Miller goes on to say, “A manufacturer of turbine towers we worked with sold their manufacturing capacity for a year and a half in advance because of bottlenecks and quality issues in the welding of towers. They looked at ways to use robotics to get a higher yield.” Miller contends that the manufacturer needed to increase their productivity in the most cost-effective way possible. “The turbine tower maker was turning down orders and risking creating new competitors because they could not meet the lead time.” Robotics was part of their solution, Miller concludes.
FANUC’s Blanchette agrees, saying, “Robots are used to weld the structural components for turbine towers due to their significant geometry. Robots are used to deburr the edges of gears, trim and grind blade flash, and precisely drill and cut blade roots.” Blanchette says because turbine blades have very large and contoured surfaces, robots are necessary to prepare finishes. “The distribution of paint must be very uniform over the entire blade surface. If not, blades could have balancing problems.” Properly applying paint over turbine blades cannot be accomplished manually.
Blanchette observes that the wind turbine industry wants to automate their processes because they need more consistent quality in production. “Wind turbine makers do not want parts in the nacelle breaking down because a significant effort is required to get someone up there to replace parts. The wind industry has a need for more reliable quality parts and to reduce variation in parts produced.”
KMT Robotic Solutions Inc. of Auburn Hills, Michigan integrates robots for drilling and cutting of turbine blade’s root end, says Roberta Zald, KMT’s Director of Business Development. “A robotic approach to root end processing offers benefits that hard automation cannot. These include less set-up time and more throughput.” Zald says robots afford “The ability to process a range of blade sizes on the same equipment with greater flexibility to run batch sizes of one and to adjust for design changes all in a smaller footprint and lower capital cost.”
Go With the Flow
Like wind turbines, hydroelectric turbines use robotics when fabricating parts, reports Whitney Moon, Market Development Manager with Genesis Systems Group LLC (Davenport, Iowa) “Genesis does welding of wicket gates in hydroelectric plants. Robots are used because cycle times are very long and monotonous if done manually.” Moon says consistency is the primary reason for end-users to utilize robotics for welding wicket gates. “Wickets are subject to a great deal of stress. If the welds have inconsistencies, voids, or if contaminants become trapped, structural problems could result.”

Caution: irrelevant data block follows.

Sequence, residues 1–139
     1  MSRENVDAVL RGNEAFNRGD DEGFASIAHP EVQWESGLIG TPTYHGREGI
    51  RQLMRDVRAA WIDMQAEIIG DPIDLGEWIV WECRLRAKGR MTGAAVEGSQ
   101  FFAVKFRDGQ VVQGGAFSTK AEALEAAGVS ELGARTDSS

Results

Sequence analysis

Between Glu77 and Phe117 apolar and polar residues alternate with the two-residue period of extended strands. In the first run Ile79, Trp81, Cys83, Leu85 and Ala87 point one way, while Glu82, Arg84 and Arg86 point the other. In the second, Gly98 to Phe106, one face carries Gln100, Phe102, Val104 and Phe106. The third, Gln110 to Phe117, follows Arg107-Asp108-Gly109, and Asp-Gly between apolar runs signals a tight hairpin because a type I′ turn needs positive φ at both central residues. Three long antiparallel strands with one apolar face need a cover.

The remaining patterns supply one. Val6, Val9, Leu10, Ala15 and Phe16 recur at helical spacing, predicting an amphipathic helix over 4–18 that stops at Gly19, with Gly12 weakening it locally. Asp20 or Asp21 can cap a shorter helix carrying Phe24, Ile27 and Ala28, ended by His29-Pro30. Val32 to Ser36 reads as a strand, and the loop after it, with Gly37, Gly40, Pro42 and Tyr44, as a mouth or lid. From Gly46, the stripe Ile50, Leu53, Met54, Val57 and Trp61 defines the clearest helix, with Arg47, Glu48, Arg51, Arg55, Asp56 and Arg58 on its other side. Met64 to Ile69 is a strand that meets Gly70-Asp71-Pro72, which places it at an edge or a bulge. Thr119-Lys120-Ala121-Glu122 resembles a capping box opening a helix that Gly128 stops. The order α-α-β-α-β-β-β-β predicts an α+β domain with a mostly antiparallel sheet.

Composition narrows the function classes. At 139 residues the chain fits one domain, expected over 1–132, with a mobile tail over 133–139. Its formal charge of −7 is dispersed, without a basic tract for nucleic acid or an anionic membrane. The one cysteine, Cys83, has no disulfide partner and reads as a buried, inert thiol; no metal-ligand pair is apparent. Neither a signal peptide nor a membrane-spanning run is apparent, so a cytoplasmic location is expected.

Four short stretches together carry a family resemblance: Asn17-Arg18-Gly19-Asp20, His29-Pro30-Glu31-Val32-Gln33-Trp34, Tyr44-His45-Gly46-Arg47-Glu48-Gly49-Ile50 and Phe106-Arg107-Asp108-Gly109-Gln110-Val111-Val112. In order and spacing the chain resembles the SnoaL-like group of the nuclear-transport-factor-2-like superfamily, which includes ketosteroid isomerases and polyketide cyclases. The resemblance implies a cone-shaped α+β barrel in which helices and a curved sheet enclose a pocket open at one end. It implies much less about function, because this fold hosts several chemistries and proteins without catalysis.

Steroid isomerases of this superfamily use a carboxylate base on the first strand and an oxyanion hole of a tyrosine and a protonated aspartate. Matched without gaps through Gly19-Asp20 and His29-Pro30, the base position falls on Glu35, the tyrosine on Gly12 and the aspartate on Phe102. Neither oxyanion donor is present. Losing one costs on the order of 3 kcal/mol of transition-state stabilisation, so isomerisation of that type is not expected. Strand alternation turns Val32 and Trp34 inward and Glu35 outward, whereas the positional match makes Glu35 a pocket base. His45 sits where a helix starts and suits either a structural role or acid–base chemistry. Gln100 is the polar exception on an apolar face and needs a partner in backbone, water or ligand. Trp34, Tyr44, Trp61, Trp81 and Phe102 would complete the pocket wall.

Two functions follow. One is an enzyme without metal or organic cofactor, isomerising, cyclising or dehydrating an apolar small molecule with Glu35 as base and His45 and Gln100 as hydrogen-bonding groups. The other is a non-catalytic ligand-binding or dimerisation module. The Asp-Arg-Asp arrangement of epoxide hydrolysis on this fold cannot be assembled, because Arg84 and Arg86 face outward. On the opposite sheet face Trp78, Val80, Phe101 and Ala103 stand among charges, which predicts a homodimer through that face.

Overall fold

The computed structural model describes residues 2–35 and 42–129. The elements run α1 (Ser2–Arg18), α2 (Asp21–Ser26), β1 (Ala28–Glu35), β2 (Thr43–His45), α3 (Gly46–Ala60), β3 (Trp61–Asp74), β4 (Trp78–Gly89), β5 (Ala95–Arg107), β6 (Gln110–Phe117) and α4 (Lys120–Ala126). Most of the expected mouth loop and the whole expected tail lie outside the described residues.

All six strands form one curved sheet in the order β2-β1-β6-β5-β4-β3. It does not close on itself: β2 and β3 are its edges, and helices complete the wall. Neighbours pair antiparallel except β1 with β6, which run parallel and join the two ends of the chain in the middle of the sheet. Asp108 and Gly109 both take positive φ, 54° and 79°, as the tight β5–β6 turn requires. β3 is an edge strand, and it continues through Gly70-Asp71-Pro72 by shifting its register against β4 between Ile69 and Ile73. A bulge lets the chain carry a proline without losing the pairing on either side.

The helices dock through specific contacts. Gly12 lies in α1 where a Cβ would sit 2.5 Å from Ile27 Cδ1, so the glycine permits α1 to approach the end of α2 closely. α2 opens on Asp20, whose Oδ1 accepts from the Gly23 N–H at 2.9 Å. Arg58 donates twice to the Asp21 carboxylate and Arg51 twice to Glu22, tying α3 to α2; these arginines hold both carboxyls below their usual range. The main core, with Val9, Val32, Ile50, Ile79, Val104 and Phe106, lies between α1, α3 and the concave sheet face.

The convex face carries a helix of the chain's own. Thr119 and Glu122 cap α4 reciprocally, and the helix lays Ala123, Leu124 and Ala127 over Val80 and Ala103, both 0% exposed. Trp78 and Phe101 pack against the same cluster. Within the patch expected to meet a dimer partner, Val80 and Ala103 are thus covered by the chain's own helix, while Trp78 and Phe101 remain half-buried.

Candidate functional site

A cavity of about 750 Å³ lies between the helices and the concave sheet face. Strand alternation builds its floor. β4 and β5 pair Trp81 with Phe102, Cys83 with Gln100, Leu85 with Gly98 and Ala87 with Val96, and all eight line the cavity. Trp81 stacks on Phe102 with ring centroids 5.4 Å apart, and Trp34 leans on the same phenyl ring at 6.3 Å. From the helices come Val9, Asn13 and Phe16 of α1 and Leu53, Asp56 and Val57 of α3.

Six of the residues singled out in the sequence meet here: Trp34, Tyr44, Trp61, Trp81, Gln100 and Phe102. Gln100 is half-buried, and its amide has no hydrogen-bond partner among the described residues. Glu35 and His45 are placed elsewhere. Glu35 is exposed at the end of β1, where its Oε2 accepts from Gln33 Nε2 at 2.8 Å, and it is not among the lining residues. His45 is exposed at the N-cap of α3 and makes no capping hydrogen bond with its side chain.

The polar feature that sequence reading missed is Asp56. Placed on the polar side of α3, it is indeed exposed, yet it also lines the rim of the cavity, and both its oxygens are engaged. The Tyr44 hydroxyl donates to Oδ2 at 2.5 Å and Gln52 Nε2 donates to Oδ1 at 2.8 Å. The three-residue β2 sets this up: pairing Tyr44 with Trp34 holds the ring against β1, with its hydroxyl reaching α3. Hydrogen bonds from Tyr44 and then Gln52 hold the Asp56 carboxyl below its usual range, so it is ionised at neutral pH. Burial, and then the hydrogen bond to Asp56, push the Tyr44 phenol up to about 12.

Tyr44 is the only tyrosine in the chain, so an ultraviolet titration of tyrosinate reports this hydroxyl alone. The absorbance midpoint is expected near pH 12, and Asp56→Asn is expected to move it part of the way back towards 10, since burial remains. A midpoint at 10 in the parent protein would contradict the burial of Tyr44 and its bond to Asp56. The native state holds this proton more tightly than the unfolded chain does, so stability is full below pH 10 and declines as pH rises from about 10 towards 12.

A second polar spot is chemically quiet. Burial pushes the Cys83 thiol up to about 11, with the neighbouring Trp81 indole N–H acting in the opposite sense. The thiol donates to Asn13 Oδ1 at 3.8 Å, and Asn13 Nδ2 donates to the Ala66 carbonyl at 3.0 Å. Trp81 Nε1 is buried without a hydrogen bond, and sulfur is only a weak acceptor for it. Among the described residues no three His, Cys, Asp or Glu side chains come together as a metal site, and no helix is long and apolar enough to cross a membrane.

Wickets act as louvers to regulate the amount of water flowing over hydroelectric turbines. Moon describes them as being like louvers in venetian blinds to block varying amounts of light entering a room.
Hydroelectric wickets are too large for successful manual welding, argues Moon. “Wickets are huge pieces of metal, 10 to 15 feet long, three feet wide and six to 10 inches thick. They need to be rotated to access all of the wicket and welds are very large requiring the part to be held in a way that gravity brings the weld into the seam rather than drip onto the floor.” Moon believes only flexible robots with multiple axes of motion are able to reach all areas of parts where hard automation might not be able to.
LaSelle has a similar take on the role of robotic welding in hydroelectric turbines as Moon. “Robotics are frequently used in wind and hydro turbine manufacturing in the handling of large and cumbersome parts for welding, trimming and part finishing. Batch sizes for these systems tend to be small enough that the cost of a robotic system compared to the significantly higher expense of a custom designed machine is much more attractive and provides similar levels of performance.”
Additionally, LaSelle says, “Cost drivers are equally crucial where the production process is capital-intensive enough where batch sizes can be as low as one. Small batch sizes are frequently the case in wind and hydroelectric generation systems.” Wind and hydroelectric systems change rapidly and product life cycles are short enough that robotics are increasingly adopted due to the inability of hard automation to adapt to changes in production processes, LaSelle declares.
On the Road
While the infrastructure to refuel automobiles powered with batteries or fuel cells is very minuscule, engineers with foresight see the day when these types of vehicles will establish parity with gasoline and diesel.
Again, Adept’s Rush LaSelle: “Robots are used in a wide variety of applications such as high accuracy assembly and handling of hazardous materials in battery and fuel cell production. Robots commonly multitask in a work cell, combining assembly of fuel cells with screw-driving processes.” As with other applications in alternative energy system manufacture, robots improve quality, consistency while reducing the footprint required to produce these products, says LaSelle.
Batteries contain hazardous materials such as lead and lithium and robotics help remote people from them during assembling says Blanchette. “Robotics take people out of hazardous environments where lithium, lead and other hazardous chemicals are. With vision-enabled robotics, work cell design can be simpler than hard automation with less touching of parts and greater flexibility to handle more products without significant tooling changes.” Integration costs and time are thus reduced.
According to Blanchette, robots are performing tasks in battery manufacture such as stacking active materials, welding bus bars together, and assembling battery cases. “Batteries for electric vehicles are much larger and heavier than conventional car batteries. People cannot package these batteries manually and need robotics for these tasks.”
Fueling the Fuels of the Future
Funding from the United States Department of Energy’s Office of Energy Efficiency and Renewable Energy (EERE) has risen to $2.36 billion in fiscal year 2011. Information on obtaining alternative energy funds can be found at http://eere.energy.gov/financing/, https://www.fedconnect.net/FedConnect/ and http://www.fbo.gov/.
Twenty-First Century Power
As alternative energy technology changes, so does the manner robots are integrated to manufacture these systems. “In the past five years, the biggest change in alternative energy system manufacturing has been the migration from custom assembly lines to modular work cells. Integrators must come up with modular work cells but they do not know exactly what products a particular end-user will make in that work cell,” asserts Blanchette. Look to see more alternative energy equipment integrated in a modular way.